Daniel M Cornforth, Justine L Dees, Carolyn B Ibberson, Holly K Huse, Inger H Mathiesen, Klaus Kirketerp-Møller, Randy D Wolcott, Kendra P Rumbaugh, Thomas Bjarnsholt, Marvin Whiteley
Laboratory experiments have uncovered many basic aspects of bacterial physiology and behavior. After the past century of mostly in vitro experiments, we now have detailed knowledge of bacterial behavior in standard laboratory conditions, but only a superficial understanding of bacterial functions and behaviors during human infection. It is well-known that the growth and behavior of bacteria are largely dictated by their environment, but how bacterial physiology differs in laboratory models compared with human infections is not known...
May 14, 2018: Proceedings of the National Academy of Sciences of the United States of America
https://www.readbyqxmd.com/read/29756135/microbial-small-molecules-weapons-of-plant-subversion
#15
REVIEW
Ioannis A Stringlis, Hao Zhang, Corné M J Pieterse, Melvin D Bolton, Ronnie de Jonge
Covering: up to 2018Plants live in close association with a myriad of microbes that are generally harmless. However, the minority of microbes that are pathogens can severely impact crop quality and yield, thereby endangering food security. By contrast, beneficial microbes provide plants with important services, such as enhanced nutrient uptake and protection against pests and diseases. Like pathogens, beneficial microbes can modulate host immunity to efficiently colonize the nutrient-rich niches within and around the roots and aerial tissues of a plant, a phenomenon mirroring the establishment of commensal microbes in the human gut...
May 14, 2018: Natural Product Reports
https://www.readbyqxmd.com/read/29755959/pvdq-quorum-quenching-acylase-attenuates-pseudomonas-aeruginosa-virulence-in-a-mouse-model-of-pulmonary-infection
#16
Putri D Utari, Rita Setroikromo, Barbro N Melgert, Wim J Quax
Pseudomonas aeruginosa is the predominant pathogen in pulmonary infections associated with cystic fibrosis. Quorum sensing (QS) systems regulate the production of virulence factors and play an important role in the establishment of successful P. aeruginosa infections. Inhibition of the QS system (termed quorum quenching) renders the bacteria avirulent thus serving as an alternative approach in the development of novel antibiotics. Quorum quenching in Gram negative bacteria can be achieved by preventing the accumulation of N -acyl homoserine lactone (AHL) signaling molecule via enzymatic degradation...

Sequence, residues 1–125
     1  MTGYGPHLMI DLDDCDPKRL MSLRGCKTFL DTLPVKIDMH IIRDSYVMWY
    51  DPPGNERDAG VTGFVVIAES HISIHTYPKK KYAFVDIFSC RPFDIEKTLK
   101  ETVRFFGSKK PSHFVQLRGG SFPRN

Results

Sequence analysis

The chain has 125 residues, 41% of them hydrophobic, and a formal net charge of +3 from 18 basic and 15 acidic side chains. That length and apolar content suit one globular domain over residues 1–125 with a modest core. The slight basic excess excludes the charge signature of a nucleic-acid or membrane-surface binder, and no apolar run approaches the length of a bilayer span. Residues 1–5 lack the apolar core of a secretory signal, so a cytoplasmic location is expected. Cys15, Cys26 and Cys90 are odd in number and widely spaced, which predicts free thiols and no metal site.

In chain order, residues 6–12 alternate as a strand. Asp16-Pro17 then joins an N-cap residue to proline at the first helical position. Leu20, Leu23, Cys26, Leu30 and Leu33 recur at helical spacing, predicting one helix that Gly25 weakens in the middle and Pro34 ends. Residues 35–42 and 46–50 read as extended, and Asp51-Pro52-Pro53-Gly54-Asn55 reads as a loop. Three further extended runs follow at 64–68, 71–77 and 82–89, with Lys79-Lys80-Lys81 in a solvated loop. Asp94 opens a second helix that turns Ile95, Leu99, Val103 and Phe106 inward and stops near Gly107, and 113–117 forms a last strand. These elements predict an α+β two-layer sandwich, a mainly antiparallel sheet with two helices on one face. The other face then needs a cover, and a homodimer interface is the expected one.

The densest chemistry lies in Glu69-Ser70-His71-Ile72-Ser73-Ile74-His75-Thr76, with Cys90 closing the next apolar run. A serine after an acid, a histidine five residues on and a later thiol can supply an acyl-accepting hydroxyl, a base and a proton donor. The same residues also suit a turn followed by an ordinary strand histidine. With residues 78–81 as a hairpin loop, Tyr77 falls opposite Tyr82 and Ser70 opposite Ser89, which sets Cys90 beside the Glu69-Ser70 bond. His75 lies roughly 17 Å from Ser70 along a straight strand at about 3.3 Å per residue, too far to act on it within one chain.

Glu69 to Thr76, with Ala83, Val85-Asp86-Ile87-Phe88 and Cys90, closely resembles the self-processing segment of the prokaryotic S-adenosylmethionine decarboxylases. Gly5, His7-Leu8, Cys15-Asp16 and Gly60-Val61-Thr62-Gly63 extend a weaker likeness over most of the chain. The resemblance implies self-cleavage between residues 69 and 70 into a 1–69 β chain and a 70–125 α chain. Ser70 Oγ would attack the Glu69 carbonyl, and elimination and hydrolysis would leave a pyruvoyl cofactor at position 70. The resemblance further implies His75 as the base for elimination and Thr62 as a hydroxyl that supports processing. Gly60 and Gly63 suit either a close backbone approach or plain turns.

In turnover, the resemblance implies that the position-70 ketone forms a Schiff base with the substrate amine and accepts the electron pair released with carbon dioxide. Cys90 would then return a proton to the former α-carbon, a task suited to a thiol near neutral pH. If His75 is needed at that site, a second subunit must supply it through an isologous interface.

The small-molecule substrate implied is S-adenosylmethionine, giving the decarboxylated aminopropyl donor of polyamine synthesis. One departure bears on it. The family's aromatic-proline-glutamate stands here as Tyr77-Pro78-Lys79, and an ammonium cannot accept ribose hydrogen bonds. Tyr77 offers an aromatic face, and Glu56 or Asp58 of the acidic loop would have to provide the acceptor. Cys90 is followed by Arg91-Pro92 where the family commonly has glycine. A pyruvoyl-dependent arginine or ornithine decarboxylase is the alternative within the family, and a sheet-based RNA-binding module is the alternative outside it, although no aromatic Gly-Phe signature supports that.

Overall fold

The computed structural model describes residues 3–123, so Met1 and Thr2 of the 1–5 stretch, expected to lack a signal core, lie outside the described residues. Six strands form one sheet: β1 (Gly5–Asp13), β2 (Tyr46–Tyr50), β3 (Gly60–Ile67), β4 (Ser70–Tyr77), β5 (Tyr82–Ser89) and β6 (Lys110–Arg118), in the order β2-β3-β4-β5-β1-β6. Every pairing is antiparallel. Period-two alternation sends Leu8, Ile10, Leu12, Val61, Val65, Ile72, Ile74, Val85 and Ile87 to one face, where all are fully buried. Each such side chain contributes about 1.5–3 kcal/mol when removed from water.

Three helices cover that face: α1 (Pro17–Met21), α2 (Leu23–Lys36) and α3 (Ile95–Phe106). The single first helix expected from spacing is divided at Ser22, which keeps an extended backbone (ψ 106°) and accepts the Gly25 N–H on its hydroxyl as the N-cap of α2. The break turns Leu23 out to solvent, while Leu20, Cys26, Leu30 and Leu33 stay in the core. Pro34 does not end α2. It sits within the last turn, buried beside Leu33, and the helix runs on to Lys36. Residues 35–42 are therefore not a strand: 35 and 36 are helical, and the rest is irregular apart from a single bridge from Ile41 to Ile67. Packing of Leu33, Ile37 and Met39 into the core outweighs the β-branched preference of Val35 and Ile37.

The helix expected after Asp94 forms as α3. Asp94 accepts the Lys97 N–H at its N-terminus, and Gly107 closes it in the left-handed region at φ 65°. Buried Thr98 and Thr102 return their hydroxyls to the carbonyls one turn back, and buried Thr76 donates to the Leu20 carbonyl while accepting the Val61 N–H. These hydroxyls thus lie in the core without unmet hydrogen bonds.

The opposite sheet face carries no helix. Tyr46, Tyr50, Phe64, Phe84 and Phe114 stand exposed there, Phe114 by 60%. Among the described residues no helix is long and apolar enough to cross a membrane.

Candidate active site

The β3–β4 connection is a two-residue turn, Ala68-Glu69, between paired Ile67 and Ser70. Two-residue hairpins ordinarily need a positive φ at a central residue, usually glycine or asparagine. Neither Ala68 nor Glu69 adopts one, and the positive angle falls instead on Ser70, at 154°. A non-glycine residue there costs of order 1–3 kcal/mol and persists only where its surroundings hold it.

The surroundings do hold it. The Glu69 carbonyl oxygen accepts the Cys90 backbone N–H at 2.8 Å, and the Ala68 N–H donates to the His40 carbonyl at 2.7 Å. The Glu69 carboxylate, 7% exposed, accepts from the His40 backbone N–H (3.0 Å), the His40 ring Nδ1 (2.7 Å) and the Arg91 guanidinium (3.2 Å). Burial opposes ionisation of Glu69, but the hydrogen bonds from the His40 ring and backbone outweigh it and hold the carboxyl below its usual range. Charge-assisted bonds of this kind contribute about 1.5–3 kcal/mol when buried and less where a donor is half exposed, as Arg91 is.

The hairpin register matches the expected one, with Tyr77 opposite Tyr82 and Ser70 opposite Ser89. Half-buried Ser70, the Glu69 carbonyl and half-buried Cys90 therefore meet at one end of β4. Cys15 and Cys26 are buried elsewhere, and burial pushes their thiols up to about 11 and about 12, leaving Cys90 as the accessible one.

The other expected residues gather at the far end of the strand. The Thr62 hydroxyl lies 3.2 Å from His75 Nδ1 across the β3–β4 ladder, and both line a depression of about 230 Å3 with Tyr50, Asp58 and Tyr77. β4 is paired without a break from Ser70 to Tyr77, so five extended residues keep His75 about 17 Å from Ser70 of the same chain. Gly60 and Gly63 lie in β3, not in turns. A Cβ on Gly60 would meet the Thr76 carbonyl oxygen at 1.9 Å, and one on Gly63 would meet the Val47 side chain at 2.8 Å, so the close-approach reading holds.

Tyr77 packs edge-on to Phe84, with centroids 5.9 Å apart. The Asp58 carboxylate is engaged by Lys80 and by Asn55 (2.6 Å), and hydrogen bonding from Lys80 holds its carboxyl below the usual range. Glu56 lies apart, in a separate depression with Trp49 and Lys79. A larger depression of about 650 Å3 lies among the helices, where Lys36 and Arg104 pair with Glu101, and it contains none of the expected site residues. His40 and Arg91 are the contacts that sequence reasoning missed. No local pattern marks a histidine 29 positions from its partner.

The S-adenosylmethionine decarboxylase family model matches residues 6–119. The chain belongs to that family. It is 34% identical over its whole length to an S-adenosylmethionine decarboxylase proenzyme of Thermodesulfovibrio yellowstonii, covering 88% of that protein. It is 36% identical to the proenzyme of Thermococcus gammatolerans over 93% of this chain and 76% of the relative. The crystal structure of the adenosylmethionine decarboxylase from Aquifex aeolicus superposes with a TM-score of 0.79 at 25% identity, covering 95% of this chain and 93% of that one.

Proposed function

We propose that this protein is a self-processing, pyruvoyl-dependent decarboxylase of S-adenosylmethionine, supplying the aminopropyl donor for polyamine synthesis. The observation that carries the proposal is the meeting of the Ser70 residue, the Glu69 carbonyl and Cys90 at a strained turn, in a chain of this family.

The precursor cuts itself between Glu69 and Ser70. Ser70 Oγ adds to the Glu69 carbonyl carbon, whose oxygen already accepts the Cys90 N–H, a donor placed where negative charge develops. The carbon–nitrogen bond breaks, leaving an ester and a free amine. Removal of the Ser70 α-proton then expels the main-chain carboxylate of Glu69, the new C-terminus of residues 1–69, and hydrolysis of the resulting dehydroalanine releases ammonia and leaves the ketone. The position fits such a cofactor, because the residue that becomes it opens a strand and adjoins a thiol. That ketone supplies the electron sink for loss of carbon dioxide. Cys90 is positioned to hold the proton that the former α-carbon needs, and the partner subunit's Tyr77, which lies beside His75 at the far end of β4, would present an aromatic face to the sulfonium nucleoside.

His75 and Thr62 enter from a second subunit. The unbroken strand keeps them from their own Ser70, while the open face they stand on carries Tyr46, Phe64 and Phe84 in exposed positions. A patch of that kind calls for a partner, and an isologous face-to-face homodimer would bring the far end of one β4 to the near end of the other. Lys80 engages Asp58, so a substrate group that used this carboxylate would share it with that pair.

2018: Frontiers in Cellular and Infection Microbiology
https://www.readbyqxmd.com/read/29751512/screening-of-natural-product-derivatives-identifies-two-structurally-related-flavonoids-as-potent-quorum-sensing-inhibitors-against-gram-negative-bacteria
#17
Suvi Manner, Adyary Fallarero
Owing to the failure of conventional antibiotics in biofilm control, alternative approaches are urgently needed. Inhibition of quorum sensing (QS) represents an attractive target since it is involved in several processes essential for biofilm formation. In this study, a compound library of natural product derivatives ( n = 3040) was screened for anti-quorum sensing activity using Chromobacterium violaceum as reporter bacteria. Screening assays, based on QS-mediated violacein production and viability, were performed in parallel to identify non-bactericidal QS inhibitors (QSIs)...